13. Unplug/Turn Off Unused Electronics Not only do electronic devices use electricity when they’re not in use, they also convert some of that power into heat. By unplugging everything you can and putting the rest on switchable surge protectors, you can potentially save yourself a lot of money and unnecessary heat. Use the power saver feature on computers and do not leave computers on overnight as they still draw a small amount of electricity and emit heat in sleep mode.

14. Turn Off the TV If you’re not really watching your television and just have it on for background noise, you can save a lot of money and heat by switching on a radio instead. As an added bonus, turning off the TV allows you to do other things, like go outside and enjoy the cool evening air first-hand instead of using any variety of cooling devices to bring that air to you!

15. Turn Off Dehumidifiers Try not to use a dehumidifier at the same time your air conditioner is operating. The dehumidifier will increase the cooling load and force the air conditioner to work harder.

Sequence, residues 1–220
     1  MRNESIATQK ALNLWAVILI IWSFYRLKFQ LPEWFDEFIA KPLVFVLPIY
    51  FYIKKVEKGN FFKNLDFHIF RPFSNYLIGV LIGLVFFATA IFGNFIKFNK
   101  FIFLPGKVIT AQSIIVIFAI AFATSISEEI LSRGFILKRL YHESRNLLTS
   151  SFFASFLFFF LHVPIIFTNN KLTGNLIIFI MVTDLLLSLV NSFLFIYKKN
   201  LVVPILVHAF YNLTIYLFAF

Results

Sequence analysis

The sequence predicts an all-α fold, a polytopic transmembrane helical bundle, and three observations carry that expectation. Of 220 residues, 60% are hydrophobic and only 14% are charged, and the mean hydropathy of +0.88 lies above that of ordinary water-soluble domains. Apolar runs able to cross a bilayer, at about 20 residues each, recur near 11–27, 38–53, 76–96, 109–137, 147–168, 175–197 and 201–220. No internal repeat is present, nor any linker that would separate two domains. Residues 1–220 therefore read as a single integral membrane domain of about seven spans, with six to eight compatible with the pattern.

16. Install an Attic Fan An attic fan gives you the combined benefits of moving air (like a ceiling fan) and pulling in the cooler air from outside. It’s an investment that can easily pay for itself in a couple of years.

17. Insulate Attics If the attic isn’t already insulated or is under-insulated, insulate it NOW. Upgrading from 3 inches to 12 inches can cut cooling costs by 10 percent.

18. Use the Lowest Level of Your Home If you have a basement, it’s usually at least 10 degrees cooler than on the first floor of a home. And, likewise, it’s naturally warmer on the second floor than the first. Use the lowest level of your home as much as you can during warm weather months.

19. Utility Provider Incentives Also contact your utility provider or visit their website for possible, ideas, rebates and incentives.

Last modified on Tuesday, March 20 2012 18:25